Mill Hollow, 17 January, 2022
The Martin Luther King Jr. Day holiday provided the opportunity for a weekday hike and twelve hikers grabbed the chance. After introductions and discussing the plan for the day we drove 7 miles to the icy Spring Hollow trailhead parking lot. With a mixture of cleats and snowshoes, along with poles, everyone was equipped for the trails.
Our route took us uphill past a snow cave and snow table in the campground, then on to the upper group campground and the beginning of the new trail just before the bridge (no sign yet). We enjoyed the views of the Crimson Trail, the China Wall, and Logan Canyon backed up by mostly blue skies. Taking a left at the first (unsigned) junction and right at the signed junction we headed west toward the intersection with the (unsigned) Mill Hollow trail. Our trail had been packed but somewhat choppy to this point, but when we turned south on the Mill Hollow trail the snowshoers had the advantage on the less tracked snow. We hiked through maples and junipers and noticed the planted stand of Ponderosa pines to the west. A half-mile or so up the Hollow we took a break at the second huge boulder. Most of the group continued another quarter-mile while a few relaxed and enjoyed the view. Descending the trail and turning west we soon found a sunny area for a lunch stop, opting to avoid the wind at the Bridger Look-Off viewpoint.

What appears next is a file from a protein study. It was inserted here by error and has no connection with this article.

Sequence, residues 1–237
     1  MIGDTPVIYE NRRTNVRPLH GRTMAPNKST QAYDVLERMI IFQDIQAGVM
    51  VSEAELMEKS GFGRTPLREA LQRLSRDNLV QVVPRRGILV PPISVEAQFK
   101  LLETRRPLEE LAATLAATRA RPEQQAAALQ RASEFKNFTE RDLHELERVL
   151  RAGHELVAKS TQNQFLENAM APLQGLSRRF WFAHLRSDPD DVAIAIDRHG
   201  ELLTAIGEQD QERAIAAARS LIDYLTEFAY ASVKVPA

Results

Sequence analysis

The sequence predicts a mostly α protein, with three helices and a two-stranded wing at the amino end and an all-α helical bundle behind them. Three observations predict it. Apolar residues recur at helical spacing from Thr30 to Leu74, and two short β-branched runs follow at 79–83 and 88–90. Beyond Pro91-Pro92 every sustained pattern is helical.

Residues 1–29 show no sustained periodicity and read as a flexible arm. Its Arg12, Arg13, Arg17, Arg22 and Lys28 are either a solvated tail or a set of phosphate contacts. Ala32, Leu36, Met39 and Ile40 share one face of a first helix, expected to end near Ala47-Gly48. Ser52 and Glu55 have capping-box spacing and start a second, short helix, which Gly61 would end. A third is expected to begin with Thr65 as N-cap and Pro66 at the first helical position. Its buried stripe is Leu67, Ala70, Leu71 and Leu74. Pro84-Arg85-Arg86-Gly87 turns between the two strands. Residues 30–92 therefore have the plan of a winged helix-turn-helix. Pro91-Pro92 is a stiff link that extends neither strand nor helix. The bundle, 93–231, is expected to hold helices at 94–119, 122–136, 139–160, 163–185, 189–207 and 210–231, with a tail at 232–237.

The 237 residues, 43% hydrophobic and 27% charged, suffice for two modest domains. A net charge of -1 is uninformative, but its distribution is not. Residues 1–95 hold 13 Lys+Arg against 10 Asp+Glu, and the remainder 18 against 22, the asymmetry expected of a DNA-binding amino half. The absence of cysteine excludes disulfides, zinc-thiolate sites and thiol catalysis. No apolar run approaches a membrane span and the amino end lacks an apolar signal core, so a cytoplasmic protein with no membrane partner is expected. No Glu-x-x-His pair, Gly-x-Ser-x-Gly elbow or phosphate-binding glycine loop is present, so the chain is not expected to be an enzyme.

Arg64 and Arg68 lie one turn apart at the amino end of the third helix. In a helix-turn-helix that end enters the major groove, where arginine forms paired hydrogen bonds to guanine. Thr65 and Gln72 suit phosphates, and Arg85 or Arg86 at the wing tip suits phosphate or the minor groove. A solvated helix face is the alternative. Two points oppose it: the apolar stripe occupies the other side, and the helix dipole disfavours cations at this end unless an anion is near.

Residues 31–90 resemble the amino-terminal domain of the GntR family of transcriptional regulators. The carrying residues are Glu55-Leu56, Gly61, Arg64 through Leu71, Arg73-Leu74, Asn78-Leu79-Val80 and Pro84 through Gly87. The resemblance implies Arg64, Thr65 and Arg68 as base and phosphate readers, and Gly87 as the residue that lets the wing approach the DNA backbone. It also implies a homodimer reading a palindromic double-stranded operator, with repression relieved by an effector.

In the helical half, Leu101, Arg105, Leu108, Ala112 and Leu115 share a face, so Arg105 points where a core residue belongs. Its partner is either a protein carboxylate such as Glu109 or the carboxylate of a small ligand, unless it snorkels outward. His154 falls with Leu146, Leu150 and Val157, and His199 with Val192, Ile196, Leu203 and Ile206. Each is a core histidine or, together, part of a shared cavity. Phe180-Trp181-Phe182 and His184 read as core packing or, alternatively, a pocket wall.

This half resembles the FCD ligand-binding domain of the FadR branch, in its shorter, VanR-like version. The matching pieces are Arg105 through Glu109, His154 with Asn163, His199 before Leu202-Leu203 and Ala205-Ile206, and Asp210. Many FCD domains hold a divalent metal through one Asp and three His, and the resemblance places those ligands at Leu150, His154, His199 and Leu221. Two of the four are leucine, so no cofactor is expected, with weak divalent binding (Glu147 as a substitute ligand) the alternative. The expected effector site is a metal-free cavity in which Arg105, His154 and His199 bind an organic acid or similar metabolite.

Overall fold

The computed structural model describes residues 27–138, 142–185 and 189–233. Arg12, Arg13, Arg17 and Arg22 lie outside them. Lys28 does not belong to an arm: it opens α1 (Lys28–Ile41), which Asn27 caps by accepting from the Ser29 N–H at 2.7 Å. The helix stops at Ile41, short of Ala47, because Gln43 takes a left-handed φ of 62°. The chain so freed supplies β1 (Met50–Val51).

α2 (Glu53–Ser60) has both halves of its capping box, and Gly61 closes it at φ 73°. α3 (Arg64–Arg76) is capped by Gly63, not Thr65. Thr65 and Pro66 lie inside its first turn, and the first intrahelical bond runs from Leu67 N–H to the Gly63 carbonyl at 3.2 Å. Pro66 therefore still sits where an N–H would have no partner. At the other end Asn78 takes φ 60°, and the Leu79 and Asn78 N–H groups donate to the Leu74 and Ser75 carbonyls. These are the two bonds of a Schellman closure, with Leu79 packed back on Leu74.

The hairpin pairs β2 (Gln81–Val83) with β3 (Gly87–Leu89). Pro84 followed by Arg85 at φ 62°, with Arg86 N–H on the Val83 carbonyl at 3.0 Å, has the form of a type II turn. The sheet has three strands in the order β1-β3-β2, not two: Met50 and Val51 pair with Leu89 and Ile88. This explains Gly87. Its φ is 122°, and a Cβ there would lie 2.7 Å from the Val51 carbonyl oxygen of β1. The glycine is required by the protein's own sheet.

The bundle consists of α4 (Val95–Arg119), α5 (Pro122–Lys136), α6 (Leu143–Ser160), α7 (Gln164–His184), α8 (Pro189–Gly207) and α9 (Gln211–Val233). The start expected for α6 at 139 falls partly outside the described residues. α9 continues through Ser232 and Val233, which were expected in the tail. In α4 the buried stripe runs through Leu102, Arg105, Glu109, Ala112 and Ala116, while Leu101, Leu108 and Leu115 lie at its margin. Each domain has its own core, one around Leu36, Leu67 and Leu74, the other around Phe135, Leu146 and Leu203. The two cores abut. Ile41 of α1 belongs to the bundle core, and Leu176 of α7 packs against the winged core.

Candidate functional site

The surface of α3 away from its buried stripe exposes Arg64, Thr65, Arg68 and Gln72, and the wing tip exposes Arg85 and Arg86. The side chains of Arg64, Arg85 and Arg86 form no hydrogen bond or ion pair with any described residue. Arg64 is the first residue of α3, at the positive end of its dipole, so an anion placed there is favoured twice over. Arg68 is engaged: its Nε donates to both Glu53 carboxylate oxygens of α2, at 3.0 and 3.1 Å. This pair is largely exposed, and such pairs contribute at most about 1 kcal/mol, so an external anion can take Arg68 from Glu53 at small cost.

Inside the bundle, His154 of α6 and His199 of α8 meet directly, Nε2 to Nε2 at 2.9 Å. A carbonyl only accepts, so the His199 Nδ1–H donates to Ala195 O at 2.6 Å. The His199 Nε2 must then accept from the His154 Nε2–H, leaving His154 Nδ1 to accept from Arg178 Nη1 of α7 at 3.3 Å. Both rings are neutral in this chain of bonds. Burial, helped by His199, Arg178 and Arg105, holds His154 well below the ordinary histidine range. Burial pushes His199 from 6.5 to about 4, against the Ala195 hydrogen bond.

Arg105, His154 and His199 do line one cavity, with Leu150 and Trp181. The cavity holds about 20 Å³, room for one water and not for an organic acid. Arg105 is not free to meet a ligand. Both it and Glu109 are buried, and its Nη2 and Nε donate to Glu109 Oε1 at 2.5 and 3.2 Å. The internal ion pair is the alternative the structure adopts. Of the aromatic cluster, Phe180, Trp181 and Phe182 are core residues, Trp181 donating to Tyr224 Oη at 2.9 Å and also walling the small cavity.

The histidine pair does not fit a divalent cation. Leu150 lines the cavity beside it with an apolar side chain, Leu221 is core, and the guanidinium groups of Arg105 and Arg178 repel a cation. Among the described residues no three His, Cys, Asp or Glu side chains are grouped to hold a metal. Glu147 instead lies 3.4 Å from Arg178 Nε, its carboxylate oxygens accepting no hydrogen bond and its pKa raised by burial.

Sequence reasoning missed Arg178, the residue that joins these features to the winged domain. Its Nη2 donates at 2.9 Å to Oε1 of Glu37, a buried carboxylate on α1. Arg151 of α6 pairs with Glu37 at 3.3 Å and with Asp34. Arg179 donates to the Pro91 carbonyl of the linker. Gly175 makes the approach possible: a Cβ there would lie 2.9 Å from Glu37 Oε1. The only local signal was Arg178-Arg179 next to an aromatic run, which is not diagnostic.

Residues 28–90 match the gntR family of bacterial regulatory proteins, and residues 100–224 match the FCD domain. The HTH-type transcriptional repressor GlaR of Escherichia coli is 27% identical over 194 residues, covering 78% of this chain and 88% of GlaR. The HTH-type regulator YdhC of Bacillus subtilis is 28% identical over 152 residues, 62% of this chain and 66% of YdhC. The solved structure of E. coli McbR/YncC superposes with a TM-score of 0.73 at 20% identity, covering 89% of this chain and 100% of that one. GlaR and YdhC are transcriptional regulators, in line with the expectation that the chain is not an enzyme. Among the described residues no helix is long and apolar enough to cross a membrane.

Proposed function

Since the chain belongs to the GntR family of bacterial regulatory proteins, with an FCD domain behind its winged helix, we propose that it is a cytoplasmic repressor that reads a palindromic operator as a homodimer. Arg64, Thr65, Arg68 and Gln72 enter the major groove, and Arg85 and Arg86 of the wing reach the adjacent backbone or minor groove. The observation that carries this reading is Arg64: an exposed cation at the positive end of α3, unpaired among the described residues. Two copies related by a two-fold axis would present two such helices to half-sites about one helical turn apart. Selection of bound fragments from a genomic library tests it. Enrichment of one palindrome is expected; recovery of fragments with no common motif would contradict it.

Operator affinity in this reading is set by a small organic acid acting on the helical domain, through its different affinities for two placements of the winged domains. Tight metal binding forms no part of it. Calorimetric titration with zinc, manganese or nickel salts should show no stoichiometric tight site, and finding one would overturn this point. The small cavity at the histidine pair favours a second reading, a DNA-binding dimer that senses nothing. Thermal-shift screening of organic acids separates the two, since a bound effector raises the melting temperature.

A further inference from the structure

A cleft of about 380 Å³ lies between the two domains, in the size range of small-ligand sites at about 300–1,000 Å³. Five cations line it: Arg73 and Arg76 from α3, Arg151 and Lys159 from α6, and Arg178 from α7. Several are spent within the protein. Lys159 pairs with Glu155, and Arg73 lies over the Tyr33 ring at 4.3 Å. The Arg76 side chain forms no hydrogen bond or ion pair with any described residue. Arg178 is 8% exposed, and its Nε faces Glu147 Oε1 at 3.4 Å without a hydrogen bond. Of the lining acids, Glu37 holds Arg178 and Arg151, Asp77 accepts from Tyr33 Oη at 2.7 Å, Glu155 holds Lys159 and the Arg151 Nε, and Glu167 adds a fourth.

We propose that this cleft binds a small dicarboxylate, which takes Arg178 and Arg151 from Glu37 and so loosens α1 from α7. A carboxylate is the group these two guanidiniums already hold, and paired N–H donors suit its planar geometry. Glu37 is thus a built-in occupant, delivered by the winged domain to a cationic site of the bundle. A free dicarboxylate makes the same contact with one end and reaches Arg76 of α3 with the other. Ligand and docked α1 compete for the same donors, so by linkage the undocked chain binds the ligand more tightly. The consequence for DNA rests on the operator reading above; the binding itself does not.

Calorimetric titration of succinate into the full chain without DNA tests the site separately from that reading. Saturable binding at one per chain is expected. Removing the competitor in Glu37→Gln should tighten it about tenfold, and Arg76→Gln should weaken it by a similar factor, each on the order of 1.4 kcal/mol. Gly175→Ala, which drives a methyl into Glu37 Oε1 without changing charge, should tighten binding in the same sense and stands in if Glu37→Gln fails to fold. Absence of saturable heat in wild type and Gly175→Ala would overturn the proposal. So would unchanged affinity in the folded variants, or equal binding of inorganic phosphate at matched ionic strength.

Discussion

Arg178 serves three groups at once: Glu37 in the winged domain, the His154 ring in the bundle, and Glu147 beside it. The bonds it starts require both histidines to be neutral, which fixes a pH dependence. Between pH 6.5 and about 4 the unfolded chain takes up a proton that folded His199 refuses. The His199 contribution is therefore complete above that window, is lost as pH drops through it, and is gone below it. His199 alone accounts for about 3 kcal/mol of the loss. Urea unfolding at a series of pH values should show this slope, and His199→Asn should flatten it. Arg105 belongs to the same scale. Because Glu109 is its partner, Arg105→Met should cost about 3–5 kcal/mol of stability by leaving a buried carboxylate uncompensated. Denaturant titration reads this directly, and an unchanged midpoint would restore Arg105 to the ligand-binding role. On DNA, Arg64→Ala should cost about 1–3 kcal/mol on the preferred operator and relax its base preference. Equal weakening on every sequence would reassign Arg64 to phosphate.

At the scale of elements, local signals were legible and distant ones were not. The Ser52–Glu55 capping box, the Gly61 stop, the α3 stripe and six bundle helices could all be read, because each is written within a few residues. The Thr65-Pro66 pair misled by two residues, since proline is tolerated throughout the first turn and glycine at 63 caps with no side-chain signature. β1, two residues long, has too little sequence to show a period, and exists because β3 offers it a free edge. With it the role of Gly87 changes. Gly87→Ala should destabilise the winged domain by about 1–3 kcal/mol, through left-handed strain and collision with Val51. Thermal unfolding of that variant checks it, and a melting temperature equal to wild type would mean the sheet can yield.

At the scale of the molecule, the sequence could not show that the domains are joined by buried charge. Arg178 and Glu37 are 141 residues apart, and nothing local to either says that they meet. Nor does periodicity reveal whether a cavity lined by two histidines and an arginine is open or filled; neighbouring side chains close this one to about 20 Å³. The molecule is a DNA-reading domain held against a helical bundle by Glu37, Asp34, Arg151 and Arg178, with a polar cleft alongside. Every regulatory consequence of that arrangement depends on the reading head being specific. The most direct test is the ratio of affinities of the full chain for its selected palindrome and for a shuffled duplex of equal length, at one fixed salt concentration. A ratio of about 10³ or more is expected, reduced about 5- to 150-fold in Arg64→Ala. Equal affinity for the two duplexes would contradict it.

After lunch our trek west toward Bridger Campground provided views of the cliffs, river and ridgetops of Logan Canyon. Throughout the day we saw lots of evidence of deer walking these trails (postholes and droppings) but this narrow sidehill required us bi-peds to make good use of our poles. Reaching the River Trail we took a sharp right and walked past the summer homes, the former Gus Lind campground, and Third Dam to return to our cars. Dippers (Cinclus mexicanus, robust sooty-gray birds) were spotted on two occasions doing their charming knee-bend dance on the rocks in the rushing water of the Logan River. We traveled trails familiar to most, new to some, and easily accessible from town for repeat visits.
Thanks to Jane for the narrative and photos, Ralph and Ophelia for photos and Dave W. for GPS data.